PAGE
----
When developing a sustainability program for your agrifood operation, it is important to have both clear leadership and key goals in place.
Sara Reichelt, DVM, Aviagen North America’s director of animal health and sustainability, shared her thoughts on the building blocks of a sustainability program during the webinar, “Sustainability: Where Are We Going and How Can We Get There.” The webinar was held in advance of the May 2022 Animal Agriculture Alliance Stakeholders Summit, and a recorded version of the webinar was recently posted on YouTube.
Support at the executive level
Reichelt said even before you start a sustainability program, you have to have what she calls “leadership buy-in.”
“If you do not have executive support or leadership support, you're not going to have teeth. On top of that, you're not going to have the financial buy-in, the time buy-in to move forward with any goals that you have. So that is really the first step is get buy-in from the top of the company,” she said.
Find a point person
Also key to a successful program is having a point person, and making sure that point person is able to devote an appropriate amount of time to the sustainability program.
“In the food animal industry, we don't have a lot of extra time. We're all quite busy, so in the situation where you potentially are adding that onto someone else's job it's not likely going to be as productive as giving somebody the time and space as their role to make changes,” said Reichelt.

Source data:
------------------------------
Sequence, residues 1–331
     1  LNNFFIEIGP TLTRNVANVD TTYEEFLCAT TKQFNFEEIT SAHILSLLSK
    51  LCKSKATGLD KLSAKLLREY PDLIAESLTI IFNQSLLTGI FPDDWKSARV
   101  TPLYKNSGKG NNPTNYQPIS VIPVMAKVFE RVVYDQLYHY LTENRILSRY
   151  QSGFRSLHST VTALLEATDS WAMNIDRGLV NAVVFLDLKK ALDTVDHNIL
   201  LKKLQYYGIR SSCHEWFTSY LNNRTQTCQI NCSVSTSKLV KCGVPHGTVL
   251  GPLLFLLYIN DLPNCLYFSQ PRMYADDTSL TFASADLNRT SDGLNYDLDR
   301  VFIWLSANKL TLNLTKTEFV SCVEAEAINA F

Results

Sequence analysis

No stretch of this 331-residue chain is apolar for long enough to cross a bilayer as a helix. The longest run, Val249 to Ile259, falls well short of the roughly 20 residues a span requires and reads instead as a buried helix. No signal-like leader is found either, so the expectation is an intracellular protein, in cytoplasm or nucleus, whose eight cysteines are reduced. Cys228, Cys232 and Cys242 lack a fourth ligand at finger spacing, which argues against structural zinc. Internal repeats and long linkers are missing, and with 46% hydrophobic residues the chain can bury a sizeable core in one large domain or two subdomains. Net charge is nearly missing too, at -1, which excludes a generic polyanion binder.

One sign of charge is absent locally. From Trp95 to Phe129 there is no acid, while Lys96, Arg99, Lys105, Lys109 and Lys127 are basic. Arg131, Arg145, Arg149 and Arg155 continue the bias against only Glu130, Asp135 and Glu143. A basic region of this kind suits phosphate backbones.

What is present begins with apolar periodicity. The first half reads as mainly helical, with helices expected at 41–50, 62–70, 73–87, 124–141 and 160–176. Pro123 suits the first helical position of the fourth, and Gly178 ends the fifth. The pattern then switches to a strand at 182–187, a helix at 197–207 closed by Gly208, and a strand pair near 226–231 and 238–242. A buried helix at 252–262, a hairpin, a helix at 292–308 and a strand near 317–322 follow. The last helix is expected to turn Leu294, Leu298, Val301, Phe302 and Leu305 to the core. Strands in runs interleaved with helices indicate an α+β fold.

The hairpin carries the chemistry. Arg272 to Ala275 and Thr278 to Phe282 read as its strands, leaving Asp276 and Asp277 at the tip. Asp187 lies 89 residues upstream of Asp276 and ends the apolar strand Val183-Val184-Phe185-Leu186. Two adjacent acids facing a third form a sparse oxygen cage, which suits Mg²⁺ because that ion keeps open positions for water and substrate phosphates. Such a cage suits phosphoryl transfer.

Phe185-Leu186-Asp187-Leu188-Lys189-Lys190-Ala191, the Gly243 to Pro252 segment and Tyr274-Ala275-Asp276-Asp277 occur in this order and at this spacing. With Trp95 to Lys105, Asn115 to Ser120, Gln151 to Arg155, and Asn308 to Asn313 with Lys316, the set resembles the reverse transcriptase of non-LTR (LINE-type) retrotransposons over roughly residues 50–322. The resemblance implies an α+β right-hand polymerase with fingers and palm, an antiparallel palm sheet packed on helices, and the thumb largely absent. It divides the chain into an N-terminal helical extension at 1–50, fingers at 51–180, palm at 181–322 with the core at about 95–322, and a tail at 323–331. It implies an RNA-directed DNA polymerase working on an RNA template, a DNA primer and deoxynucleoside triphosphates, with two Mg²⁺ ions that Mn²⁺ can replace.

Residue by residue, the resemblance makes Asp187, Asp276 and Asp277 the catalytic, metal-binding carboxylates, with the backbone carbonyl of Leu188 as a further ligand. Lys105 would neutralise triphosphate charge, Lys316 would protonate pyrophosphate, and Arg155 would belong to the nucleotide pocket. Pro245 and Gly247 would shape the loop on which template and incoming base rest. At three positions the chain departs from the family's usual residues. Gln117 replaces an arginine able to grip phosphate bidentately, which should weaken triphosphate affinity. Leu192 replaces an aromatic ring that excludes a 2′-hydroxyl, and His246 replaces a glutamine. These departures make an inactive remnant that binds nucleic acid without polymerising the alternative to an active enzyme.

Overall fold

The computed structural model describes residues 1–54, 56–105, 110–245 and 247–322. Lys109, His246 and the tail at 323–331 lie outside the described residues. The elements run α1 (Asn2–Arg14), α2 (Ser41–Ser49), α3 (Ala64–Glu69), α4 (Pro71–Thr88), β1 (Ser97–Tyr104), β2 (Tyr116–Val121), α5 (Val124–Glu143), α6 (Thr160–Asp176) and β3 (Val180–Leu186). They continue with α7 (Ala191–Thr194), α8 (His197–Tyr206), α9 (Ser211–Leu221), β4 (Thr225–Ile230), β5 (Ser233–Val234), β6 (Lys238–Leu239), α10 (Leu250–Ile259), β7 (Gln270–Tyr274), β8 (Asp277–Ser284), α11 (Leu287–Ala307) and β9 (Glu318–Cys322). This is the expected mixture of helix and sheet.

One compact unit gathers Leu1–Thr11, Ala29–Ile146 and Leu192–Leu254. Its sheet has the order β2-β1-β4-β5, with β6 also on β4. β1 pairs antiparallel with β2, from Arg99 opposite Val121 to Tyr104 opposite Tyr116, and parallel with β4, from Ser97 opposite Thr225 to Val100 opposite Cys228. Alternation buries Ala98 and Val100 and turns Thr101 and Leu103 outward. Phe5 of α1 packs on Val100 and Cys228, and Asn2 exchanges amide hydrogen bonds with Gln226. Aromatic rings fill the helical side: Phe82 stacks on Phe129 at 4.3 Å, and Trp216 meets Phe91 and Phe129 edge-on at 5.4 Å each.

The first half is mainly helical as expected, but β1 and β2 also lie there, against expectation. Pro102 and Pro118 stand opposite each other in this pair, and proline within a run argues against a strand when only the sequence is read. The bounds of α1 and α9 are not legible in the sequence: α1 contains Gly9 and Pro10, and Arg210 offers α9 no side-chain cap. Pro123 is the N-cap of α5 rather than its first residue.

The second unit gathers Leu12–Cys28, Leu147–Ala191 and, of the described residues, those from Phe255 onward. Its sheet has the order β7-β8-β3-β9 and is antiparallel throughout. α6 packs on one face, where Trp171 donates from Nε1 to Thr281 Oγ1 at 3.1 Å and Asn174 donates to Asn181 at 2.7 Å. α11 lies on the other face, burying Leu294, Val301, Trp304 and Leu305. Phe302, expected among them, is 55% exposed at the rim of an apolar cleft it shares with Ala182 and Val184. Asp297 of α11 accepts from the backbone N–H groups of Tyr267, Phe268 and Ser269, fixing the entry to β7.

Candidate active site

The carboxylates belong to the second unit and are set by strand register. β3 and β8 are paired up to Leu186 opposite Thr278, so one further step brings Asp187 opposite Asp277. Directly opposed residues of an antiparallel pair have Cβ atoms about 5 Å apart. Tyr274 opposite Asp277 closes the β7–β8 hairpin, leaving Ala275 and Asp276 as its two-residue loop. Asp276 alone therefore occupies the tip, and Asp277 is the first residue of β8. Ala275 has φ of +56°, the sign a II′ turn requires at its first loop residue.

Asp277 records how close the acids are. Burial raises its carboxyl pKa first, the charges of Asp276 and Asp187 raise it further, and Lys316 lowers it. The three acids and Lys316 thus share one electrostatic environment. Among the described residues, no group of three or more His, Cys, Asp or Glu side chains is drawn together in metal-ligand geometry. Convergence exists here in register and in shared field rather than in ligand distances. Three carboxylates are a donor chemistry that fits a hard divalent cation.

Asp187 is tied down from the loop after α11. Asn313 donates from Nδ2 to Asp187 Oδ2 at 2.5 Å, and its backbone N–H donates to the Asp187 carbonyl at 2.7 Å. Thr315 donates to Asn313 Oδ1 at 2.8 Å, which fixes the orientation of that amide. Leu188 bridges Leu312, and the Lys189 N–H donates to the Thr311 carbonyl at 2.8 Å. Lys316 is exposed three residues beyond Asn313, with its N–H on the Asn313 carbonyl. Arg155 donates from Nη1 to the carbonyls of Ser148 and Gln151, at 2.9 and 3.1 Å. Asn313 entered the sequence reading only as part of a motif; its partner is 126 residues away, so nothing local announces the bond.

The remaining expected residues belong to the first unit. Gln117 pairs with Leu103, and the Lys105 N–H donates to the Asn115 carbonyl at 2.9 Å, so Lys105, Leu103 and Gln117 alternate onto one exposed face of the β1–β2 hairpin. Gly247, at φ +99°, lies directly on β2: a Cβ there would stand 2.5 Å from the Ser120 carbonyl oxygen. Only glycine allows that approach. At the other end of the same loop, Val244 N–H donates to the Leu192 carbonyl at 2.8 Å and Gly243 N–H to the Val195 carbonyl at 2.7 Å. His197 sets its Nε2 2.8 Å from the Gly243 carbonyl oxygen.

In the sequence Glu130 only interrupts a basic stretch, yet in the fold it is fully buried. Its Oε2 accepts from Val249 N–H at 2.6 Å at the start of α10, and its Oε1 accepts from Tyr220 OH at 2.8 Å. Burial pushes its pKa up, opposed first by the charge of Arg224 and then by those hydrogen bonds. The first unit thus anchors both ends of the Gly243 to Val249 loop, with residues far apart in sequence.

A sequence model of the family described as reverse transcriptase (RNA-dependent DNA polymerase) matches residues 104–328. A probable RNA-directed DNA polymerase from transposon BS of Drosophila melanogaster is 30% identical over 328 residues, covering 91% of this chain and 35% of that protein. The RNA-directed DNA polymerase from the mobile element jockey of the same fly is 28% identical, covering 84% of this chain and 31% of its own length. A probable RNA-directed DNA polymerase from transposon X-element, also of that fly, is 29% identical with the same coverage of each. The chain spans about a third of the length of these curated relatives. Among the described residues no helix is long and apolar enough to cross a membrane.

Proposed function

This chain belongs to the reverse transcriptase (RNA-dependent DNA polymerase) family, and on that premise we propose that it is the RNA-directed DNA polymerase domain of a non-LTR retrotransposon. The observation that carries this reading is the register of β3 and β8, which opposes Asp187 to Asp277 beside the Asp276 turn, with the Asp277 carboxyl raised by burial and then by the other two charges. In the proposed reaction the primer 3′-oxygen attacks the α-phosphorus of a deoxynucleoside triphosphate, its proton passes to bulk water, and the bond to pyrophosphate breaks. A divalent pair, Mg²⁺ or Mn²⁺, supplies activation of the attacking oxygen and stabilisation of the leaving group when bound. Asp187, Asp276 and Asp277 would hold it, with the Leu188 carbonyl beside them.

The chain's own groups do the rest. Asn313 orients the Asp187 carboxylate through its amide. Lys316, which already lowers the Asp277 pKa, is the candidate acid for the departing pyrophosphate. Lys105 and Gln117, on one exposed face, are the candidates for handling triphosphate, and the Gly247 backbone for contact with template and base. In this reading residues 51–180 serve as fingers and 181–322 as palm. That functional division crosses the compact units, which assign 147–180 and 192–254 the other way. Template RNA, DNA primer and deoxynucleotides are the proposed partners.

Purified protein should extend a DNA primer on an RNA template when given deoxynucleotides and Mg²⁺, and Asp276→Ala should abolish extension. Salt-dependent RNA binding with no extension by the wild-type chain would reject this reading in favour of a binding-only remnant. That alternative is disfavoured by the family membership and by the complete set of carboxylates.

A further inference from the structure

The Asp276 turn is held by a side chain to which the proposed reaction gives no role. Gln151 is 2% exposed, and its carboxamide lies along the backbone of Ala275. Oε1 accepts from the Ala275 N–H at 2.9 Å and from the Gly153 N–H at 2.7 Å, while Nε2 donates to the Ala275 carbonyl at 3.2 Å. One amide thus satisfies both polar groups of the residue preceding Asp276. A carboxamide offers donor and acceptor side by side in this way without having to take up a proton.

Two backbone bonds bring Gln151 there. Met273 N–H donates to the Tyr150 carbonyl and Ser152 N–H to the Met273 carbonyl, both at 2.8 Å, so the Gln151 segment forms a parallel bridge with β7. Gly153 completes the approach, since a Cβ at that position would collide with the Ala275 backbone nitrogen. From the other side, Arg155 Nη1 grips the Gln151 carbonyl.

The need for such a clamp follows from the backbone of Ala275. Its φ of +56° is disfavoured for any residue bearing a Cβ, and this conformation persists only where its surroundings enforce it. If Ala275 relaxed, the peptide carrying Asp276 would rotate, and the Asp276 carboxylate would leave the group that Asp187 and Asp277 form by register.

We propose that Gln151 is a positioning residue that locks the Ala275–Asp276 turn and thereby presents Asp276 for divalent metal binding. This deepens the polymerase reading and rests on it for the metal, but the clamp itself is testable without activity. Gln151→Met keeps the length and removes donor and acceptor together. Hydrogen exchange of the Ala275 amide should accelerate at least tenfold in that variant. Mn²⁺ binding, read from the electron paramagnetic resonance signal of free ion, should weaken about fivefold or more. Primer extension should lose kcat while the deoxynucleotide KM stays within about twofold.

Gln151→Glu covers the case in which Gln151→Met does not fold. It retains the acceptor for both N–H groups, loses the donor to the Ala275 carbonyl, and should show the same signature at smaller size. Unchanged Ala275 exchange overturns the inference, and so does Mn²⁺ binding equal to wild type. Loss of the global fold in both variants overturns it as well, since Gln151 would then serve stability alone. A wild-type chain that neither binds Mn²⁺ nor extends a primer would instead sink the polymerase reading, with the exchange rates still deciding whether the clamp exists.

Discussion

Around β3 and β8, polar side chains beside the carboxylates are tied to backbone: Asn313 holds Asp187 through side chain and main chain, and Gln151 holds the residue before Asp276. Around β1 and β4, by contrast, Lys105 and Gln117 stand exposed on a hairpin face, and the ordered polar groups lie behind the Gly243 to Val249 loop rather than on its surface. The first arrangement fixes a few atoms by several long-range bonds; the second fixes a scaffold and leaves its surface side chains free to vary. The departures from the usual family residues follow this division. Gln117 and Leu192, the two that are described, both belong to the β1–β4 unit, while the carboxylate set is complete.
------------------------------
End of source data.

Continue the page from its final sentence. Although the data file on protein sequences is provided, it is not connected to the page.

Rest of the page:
Align your goals
Everybody on the team has to have the same goals. Reichelt said the point person who is leading the program and the executive leadership “has to be on the same page.” People at both levels of leadership need to know what the goals are, so they can better collaborate and endure that the company is moving in the right direction for what it needs.
Don’t make the program too broad at first
While Reichelt said this advice may seem obvious to some, she said she really wanted to stress the importance of determining what the sustainability objectives are.
Those goals should be specific, measurable, achievable and time-bound, she said.
And there shouldn’t be too many goals.
“It can be really easy when you're talking about sustainability to have so many different projects and such a diffuse amount of effort being put in, that you don't actually move the needle on one specific (sustainable development goal, or SDG), so being able to limit your goals and ensure that you have some smart goals is going to allow you to move forward with one SDG at a time,” said Reichelt.